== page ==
Lolong, world's largest captive crocodile, dies in Philippines
(CNN) — "So long, Lolong."
That was the phrase echoing around social media on Monday after news emerged the night before that Lolong, the world's largest crocodile in captivity, had died in the southern Philippines.
The outpouring of online shock and grief over the demise of the heavyweight reptile, which was more than 6-meters (20-feet) long, could be considered a little surprising, given suspicions Lolong may have been involved in at least two lethal attacks on people before he was captured in 2011.
But his world-beating size earned him an entry in the Guinness World Records and drew tourists to his enclosure at the Davao Crocodile Park in a remote corner of the Philippine island of Mindanao.
His death, the cause of which is still to be determined by a post-mortem, prompted tributes from top Philippine officials.
Environment Secretary Ramon Paje called it a significant loss to the country's crocodile conservation program, describing Lolong as an "ambassador," according to CNN affiliate ABS-CBN News.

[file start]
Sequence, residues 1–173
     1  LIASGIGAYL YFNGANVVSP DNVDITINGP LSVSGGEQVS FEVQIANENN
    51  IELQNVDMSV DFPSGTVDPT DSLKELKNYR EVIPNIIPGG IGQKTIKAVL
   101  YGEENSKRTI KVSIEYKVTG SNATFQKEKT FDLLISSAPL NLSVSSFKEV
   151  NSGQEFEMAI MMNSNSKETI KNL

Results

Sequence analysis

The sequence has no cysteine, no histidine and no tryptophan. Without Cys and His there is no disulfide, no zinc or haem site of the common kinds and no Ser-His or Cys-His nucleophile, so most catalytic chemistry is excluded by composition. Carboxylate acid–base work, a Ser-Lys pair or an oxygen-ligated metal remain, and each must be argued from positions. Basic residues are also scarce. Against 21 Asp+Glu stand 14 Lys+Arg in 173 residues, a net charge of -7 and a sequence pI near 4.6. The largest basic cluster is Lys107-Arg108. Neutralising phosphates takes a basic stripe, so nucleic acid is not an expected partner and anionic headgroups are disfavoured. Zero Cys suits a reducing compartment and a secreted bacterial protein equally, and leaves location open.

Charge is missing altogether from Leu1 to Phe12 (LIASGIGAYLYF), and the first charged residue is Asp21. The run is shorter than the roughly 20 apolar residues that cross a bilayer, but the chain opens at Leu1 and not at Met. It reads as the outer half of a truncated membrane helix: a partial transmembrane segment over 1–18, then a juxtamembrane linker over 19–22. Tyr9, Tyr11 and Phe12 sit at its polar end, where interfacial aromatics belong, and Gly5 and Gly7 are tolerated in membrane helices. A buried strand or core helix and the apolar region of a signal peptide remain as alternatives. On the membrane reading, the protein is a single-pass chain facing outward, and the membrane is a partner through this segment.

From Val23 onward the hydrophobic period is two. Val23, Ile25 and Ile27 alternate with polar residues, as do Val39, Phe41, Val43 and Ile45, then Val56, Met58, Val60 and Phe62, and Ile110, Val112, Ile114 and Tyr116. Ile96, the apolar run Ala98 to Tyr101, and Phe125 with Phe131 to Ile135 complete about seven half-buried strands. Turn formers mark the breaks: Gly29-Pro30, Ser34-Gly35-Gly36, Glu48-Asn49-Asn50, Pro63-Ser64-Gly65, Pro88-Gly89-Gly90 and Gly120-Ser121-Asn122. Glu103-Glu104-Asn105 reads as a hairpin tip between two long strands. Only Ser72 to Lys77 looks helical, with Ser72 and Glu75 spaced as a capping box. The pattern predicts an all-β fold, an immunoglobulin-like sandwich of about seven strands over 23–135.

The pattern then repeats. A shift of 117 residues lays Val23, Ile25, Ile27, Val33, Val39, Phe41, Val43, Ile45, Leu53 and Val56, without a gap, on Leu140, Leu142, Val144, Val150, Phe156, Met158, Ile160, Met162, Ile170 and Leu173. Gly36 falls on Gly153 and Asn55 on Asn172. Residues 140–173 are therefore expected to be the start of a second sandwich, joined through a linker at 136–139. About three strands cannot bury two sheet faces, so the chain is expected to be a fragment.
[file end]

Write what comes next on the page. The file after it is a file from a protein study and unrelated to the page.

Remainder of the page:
But the 1,075-kilo (2,370-pound) crocodile's legacy will live on, Paje said, since officials plan to preserve his capacious skin so that it can be stuffed and mounted.
Wildlife authorities caught Lolong in September 2011, the result of a long effort to track him down after a young girl was reportedly killed in the Agusan March on Mindanao in 2009. The later disappearance of a fisherman from the nearby village of Bunawan was also linked to crocodiles. Attacks on livestock were also reported.
But it was unclear if Lolong, a saltwater crocodile, was responsible for the attacks, so authorities made him the star of the show at the crocodile park near Bunawan.
He was reportedly named after local hunter Ernesto "Lolong" Conate, who died of a stroke while helping plan the capture of the gargantuan creature.
Before the giant crocodile died, park attendants had noticed that his right stomach was bloated, Edwin Elorde, the mayor of Bunawan said, according to ABS-CBN.
Elorde expressed support for the idea of preserving Lolong, so that villagers "can still see him."
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